Situated just outside of Dublin, Donabate parkrun was born in October 2015 and is set in the picturesque grounds of Newbridge House. Core team member Sean Greensit tells us a little more about the surrounding parkland, interesting animals and the post-parkrun café!
My wife Elaine initially registered us both for Malahide parkrun in January 2013, we almost didn’t go as it was so wet and windy, but we did, and despite the weather we loved the atmosphere and the opportunity to try and beat our first time the following week. After a couple of years of parkrunning at Malahide, I was involved in setting up a new event at Newbridge House, close to where I lived and Donabate parkrun was born.
Donabate parkrun starts on the grass in front of the famous Newbridge House, built by the Cobbe family in the mid 1700s, and progresses onto tarmac paths before twisting and turning through the woods, past the farm and towards the first U-Turn at the 2k mark. This is the first of two ‘high five’ opportunities as you meet fellow parkrunners before heading back into the woods.
The fastest section of the course comes after 3.5km when the course heads out of the woods and down the hill past the deer park. The second U-turn comes with 650 metres to go and from there it’s straight all the way to the finish. Post-parkrun, everyone is invited to The Coach House Café, situated between the finish line and the car park, you even receive a 10% discount if you have your barcode.
On your Donabate parkrun journey, you even have the chance to spot cows, goat, sheep, deer, llamas, squirrels and possibly even a stray peacock, and has an enjoyable downhill section without any noticeable uphill.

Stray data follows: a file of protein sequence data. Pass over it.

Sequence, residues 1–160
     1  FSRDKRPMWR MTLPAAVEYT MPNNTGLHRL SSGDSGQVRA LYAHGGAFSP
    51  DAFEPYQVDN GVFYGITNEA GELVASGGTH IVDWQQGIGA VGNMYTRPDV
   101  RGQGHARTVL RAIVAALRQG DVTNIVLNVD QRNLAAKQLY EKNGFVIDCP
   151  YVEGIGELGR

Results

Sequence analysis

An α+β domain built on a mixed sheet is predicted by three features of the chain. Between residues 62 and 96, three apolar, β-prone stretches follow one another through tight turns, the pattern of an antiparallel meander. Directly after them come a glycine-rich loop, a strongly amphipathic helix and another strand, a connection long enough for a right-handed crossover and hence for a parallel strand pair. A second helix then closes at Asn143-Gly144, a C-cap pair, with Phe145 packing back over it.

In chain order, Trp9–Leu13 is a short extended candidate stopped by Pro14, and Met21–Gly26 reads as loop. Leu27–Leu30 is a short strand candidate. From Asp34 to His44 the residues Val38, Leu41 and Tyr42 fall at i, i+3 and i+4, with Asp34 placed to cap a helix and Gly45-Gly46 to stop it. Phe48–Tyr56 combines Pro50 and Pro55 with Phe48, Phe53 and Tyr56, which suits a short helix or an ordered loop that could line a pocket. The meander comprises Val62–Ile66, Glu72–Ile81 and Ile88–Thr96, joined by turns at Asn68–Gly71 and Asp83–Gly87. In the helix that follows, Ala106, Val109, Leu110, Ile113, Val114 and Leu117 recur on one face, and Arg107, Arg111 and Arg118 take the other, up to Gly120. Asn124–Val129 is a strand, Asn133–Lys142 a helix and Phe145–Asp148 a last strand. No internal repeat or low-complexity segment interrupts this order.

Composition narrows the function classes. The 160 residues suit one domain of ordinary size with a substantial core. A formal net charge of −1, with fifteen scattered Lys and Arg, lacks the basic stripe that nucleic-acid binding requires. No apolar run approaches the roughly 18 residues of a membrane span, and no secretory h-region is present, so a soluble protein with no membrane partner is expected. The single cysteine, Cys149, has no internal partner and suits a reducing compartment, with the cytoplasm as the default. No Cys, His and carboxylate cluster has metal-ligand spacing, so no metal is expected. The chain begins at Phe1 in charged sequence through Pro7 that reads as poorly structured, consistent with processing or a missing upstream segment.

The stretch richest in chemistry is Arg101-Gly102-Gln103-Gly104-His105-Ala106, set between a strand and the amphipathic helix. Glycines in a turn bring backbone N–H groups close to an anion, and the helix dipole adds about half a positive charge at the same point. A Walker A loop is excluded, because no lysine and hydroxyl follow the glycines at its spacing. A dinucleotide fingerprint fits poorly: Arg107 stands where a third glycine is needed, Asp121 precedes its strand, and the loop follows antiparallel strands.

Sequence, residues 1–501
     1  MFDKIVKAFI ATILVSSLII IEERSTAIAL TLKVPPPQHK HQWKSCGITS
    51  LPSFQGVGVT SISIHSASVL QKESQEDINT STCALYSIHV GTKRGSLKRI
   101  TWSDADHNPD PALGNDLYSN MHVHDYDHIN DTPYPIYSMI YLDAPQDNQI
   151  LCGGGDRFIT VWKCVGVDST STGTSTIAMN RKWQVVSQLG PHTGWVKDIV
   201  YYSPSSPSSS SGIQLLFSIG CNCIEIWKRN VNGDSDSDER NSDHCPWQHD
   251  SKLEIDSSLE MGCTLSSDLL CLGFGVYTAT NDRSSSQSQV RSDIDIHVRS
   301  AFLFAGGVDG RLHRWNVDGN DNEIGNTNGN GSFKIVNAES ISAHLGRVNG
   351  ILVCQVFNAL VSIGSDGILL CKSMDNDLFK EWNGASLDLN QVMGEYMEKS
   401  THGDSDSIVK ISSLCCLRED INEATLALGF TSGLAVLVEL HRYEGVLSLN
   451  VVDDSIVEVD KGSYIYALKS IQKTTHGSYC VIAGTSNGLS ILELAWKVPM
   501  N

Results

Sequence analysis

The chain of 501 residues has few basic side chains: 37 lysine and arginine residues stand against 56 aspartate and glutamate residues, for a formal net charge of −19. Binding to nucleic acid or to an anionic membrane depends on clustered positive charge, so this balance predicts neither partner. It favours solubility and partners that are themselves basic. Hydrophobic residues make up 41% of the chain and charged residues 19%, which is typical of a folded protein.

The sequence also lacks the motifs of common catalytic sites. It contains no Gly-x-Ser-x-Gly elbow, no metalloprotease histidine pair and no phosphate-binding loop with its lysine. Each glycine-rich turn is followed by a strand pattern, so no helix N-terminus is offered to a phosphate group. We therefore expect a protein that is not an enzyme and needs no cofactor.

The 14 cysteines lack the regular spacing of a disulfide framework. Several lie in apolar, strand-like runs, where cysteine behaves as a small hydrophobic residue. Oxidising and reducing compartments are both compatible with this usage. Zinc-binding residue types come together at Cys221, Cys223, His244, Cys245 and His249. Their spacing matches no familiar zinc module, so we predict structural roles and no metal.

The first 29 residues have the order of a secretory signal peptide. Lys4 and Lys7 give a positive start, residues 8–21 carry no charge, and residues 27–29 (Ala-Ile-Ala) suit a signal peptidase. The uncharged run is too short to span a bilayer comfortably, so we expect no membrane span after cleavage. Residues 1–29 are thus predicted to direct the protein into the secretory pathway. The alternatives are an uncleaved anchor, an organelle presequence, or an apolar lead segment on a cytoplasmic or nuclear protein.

The route has had to change a few times, most noticeably to make way for the reintroduction of a Victorian croquet lawn on the finish line!
There is a super friendly atmosphere and cheers are given in equal measure to first finishers and to walkers. Set on a 370 acre park which includes a traditional farm, a walled garden and a children’s playground, there is plenty to do and see for the whole family. Donabate train station is only 1km from our start line and for overseas tourists we’re only about a 15 minute drive from Dublin Airport.
Many locals now walk, jog, run or volunteer on a regular basis. The Donabate Portrane peninsula is awash with lots of active people, many of whom started running through parkrun. Many have now gone on to run marathons. Octogenarian, or as we like to call him the elder statesman of our parkrun, John O’Brien, had previously run marathons and was encouraged to start running again when our parkrun started. John has now run over 100 parkruns and can also be seen setting up the start line most Saturdays.
I love our parkrun because the route includes so many of the beautiful features of the park. It also has a lovely atmosphere created by the volunteers and there is so much fun for the whole family!
The full parkrun Ireland profile series is here.
584 parkruns take place around the UK on Saturdays, but just six share their name with a parkrun in another part of the world: Albert, Bushy, Cambridge, Durham, Gladstone and Victoria. In this edition of the parkrun Tourism Series we take a look at these parkrun ‘twins’ and reveal how many people have completed…
Castlebar parkrun in Co Mayo launched in March 2014 and since then has welcomed 2,300 walkers, runners and volunteers. Event Director Maggie Heneghan, who has been involved since the beginning, tells us more about this beautiful parkrun. I have been involved from the start of the event in 2014 and parkrun is my second…